On Friday, June 7, 2002, Jerry Usher, host of the popular Catholic radio program Catholic Answers Live! came to Thomas Aquinas College to feature Christoph Cardinal Schönborn, Archbishop of Vienna, Austria, on its live national talk radio program. The show was heard over 59 radio stations affiliated with the Eternal Word Television Network (EWTN) from 3:00-4:00 p.m. PDT across the country.

Following are some excerpts from the program, edited for the website edition:


USHER: Your Eminence, if you would begin by giving us a picture of the Church in Austria and across Europe. What's the state of the Church in your country and on your continent?

SCHÖNBORN: Well, Austria is a traditionally Catholic country. A large majority of the population is Catholic. It used to be 85 percent Catholic. It's now down to around 50 percent in Vienna where I'm Archbishop. The percentage of Catholics has decreased a lot in the last few years.

But there are also clear signs of new blossoming in our country. We have, of course, many beautiful churches, monasteries, Baroque buildings, and Baroque music - beautiful church music. Therefore, the liturgy is much cultivated in our country. And our Church life is still very much alive, even though religious practice, as compared to your country, is fairly low. I hope it will increase. It has slightly increased in the last two years and I hope it will continue to do so.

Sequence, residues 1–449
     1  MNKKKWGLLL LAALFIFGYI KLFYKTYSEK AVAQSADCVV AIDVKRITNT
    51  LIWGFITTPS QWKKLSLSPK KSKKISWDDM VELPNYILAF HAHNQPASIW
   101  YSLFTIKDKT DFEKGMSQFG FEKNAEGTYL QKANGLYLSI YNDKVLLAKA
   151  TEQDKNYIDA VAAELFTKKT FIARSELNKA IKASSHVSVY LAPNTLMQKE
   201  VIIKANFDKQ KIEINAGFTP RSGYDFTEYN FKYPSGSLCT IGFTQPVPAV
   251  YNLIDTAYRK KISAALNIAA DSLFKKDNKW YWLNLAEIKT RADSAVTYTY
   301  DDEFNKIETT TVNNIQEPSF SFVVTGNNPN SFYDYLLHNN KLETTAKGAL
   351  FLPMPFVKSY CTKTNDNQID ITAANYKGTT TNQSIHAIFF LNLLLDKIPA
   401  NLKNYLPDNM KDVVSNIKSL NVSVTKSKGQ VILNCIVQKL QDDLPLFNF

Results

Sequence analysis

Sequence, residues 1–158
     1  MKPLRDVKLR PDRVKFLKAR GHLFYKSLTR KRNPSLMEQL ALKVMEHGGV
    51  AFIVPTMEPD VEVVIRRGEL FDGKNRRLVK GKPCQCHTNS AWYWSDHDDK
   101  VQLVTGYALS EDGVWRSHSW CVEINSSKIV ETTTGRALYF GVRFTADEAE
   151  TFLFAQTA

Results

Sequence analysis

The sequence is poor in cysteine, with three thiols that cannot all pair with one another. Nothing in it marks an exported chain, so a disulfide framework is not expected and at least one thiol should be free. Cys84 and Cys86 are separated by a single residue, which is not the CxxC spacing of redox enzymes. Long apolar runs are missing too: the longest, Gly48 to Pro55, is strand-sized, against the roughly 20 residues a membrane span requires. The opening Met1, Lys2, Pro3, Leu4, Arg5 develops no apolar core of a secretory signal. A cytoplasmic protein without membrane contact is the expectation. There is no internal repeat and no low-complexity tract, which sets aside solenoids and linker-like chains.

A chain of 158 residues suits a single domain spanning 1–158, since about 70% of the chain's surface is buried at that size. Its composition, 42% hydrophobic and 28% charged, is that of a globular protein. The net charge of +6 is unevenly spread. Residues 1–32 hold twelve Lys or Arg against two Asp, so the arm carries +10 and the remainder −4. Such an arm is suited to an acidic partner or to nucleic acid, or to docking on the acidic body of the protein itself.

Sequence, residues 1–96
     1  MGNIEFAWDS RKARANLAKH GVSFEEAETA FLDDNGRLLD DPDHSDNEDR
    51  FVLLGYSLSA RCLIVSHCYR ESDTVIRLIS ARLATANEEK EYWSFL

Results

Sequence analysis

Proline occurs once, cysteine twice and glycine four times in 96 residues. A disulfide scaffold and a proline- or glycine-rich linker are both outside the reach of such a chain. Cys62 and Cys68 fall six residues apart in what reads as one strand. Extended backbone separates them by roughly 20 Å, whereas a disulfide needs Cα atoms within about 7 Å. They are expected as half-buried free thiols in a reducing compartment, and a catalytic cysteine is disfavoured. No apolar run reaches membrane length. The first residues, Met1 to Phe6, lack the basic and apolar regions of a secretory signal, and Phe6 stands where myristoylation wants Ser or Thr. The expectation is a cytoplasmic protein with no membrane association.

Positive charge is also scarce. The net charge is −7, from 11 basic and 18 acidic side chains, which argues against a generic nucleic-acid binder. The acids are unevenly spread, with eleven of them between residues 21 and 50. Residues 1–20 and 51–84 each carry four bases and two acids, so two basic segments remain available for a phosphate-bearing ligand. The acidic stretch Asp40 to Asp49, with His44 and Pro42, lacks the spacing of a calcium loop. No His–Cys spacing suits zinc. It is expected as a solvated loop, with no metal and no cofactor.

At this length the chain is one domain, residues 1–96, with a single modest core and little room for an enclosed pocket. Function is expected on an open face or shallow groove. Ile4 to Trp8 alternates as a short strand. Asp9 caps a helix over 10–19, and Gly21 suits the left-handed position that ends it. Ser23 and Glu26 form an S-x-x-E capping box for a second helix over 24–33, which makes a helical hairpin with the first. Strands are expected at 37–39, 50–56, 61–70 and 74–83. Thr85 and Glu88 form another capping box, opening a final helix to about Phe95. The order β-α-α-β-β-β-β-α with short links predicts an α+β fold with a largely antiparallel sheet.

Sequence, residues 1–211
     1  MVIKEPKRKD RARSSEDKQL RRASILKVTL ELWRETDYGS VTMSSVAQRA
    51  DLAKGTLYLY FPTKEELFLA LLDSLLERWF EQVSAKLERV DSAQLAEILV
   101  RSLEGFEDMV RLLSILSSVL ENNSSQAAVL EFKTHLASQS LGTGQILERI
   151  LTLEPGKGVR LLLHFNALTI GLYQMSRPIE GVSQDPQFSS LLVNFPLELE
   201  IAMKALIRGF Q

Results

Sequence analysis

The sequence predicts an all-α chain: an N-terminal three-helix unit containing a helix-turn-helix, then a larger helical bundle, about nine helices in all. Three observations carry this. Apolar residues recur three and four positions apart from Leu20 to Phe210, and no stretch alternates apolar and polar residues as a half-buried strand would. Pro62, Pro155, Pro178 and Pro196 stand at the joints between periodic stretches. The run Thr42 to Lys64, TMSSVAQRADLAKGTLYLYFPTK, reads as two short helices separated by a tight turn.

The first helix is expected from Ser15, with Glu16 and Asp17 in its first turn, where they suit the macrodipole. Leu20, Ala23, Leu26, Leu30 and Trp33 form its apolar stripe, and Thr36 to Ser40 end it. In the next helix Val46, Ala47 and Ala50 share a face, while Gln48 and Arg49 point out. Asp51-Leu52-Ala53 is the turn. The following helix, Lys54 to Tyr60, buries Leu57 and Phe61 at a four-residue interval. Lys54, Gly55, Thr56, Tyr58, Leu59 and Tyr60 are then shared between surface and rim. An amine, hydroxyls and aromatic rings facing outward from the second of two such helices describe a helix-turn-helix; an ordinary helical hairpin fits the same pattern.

USHER: Pope John Paul II repeatedly refers to the need for a "new evangelization." What does he mean by that and how do you see this unfolding in the coming years.

SCHÖNBORN: I see it, first of all, on a very personal level. We are not born Christians; we become Christians through Baptism. We need, all our life, conversion, because the Gospel of Our Lord is a call to conversion and this is true for every Christian. So, the first element of the new evangelization is the need for my own conversion, of my own turning back to the Lord, coming back to His Gospel, and changing my heart, asking the Holy Spirit to change my heart.

And this is especially necessary, I think, in countries like Austria, where the Catholic faith has been the tradition, but where it also needs to be renewed. And not only on an individual level, but also on the level of a nation. I think Austria is a good example of a country that needs the new evangelization. And, in fact, we are trying to do it, for instance, through missions that will take place next year all over Vienna - promoting a new Catholic mission within an old Catholic place.

USHER: Your Eminence, I know that in your Diocese, there were some clergy abuse problems that seem to be well behind you now. But the faith of many Catholics in this country right now has been shaken because of some of the situations that have been going on. If you would, speak to this issue.

SCHÖNBORN: It is certainly a challenge for each of us to go through the kind of difficult times as you are going through in this country, as we had to go through in Austria some years ago. If it serves to convert our hearts, it's not up to me as a single person to judge my brother, my sister. Our Lord was very clear about that. He condemns sin, but never condemns the sinner. And He always encourages us to have compassion for those who failed.